Apache helicopter
An Israeli Apache helicopter fires a missile towards the Gaza Strip July 19, 2014. REUTERS/Baz Ratner

Four members of an international hacking team were charged with infiltrating U.S. Army and prominent technology companies’ computer networks to steal Xbox information and sensitive military manuals, the Department of Justice announced Tuesday. The alleged theft included information from the games “Call of Duty: Modern Warfare 3,” “Gears of War 3” and other data totaling more than $100 million in intellectual property.

Perhaps most alarmingly, the ring is accused of stealing Apache helicopter simulator software information developed by Boeing for training U.S. soldiers. The hackers also allegedly stole pre-release copies of the aforementioned games as well as trade secrets related to the then-unreleased Xbox One gaming console.

Nathan Leroux, 20, of Bowie, Maryland; Sanadodeh Nesheiwat, 28, of Washington, New Jersey; David Pokora, 22, of Mississauga, Ontario, Canada, and Austin Alcala, 18, of McCordsville, Indiana, were indicted by a grand jury April 23. Pokora and Nesheiwat pleaded guilty to conspiracy to commit computer fraud and copyright infringement after the indictment was unveiled Tuesday. Sentencing was scheduled for January.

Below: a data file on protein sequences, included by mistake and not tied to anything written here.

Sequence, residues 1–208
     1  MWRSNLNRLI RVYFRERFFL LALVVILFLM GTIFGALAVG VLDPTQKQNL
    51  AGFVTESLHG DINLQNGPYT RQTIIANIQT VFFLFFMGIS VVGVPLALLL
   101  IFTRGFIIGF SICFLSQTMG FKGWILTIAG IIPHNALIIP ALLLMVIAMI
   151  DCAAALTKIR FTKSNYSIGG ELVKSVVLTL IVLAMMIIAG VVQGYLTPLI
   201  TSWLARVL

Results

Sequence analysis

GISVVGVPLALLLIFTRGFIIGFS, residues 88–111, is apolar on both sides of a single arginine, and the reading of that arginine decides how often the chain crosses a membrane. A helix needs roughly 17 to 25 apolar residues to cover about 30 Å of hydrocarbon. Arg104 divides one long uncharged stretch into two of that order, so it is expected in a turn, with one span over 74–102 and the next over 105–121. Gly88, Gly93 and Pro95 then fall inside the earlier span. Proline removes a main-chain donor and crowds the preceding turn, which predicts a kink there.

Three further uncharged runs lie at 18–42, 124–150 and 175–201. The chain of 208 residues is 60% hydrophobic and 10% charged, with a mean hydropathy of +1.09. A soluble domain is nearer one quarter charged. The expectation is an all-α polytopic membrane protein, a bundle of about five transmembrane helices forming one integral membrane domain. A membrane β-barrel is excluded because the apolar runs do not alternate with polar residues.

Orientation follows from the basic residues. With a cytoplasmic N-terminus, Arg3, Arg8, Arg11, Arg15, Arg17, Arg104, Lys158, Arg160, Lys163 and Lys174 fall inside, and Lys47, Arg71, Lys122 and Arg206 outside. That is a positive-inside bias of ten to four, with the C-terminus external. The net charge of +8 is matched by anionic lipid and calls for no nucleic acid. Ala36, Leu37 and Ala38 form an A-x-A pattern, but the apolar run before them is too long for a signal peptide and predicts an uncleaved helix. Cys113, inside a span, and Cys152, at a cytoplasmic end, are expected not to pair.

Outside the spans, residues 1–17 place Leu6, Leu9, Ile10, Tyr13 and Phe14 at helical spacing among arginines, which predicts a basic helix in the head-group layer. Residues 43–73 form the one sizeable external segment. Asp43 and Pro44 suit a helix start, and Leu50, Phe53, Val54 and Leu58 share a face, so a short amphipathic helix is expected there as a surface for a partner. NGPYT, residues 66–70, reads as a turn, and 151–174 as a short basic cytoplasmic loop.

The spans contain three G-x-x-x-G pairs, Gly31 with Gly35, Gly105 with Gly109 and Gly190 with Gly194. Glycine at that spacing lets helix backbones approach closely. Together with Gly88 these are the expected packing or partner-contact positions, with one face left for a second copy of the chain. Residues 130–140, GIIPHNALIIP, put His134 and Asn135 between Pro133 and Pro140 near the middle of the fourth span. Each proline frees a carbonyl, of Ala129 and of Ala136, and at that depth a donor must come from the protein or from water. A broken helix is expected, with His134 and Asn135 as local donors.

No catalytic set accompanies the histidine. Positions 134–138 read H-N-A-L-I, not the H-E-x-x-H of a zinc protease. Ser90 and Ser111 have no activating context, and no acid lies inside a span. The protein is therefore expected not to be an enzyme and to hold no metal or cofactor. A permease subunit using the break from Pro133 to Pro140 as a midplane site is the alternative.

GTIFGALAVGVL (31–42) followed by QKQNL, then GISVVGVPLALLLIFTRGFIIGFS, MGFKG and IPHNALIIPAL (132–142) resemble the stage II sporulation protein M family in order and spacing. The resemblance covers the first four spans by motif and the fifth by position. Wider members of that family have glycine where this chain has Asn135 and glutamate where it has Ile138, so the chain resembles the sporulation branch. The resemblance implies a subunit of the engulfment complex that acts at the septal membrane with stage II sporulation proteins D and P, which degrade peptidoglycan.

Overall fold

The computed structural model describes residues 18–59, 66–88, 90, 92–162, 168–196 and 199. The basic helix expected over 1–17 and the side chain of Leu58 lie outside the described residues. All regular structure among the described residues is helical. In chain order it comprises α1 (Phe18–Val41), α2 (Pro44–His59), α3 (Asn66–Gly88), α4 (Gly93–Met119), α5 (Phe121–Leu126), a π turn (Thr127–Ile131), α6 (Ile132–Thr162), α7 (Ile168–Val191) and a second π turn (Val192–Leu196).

“These were extremely sophisticated hackers,” Assistant U.S. Attorney Ed McAndrew told the Guardian after a court hearing Tuesday. “Don’t be fooled by their ages.”

McAndrew explained the FBI’s Delaware office was alerted to the hack in January 2011 by a confidential informant. Microsoft and Zombie Studios, a Seattle company involved in the production of Apache flight simulator software, helped in the investigation, he said.

Pokora’s plea, the Justice Department said, is believed to be the first conviction of a foreign-based individual for hacking into an American business network to steal protected trade information. He was apprehended trying to enter the country from Canada at Lewiston, New York.

Both Boeing and Microsoft, which manufactures the Xbox, have been targeted previously by hackers, often from outside North America. Chinese hackers seem to have been especially aggressive, with thieves working to steal military and business secrets. The Justice Department earlier this year charged a Chinese businessman with stealing data on F-22 and F-35 fighter planes as well as the C-17 cargo plane program.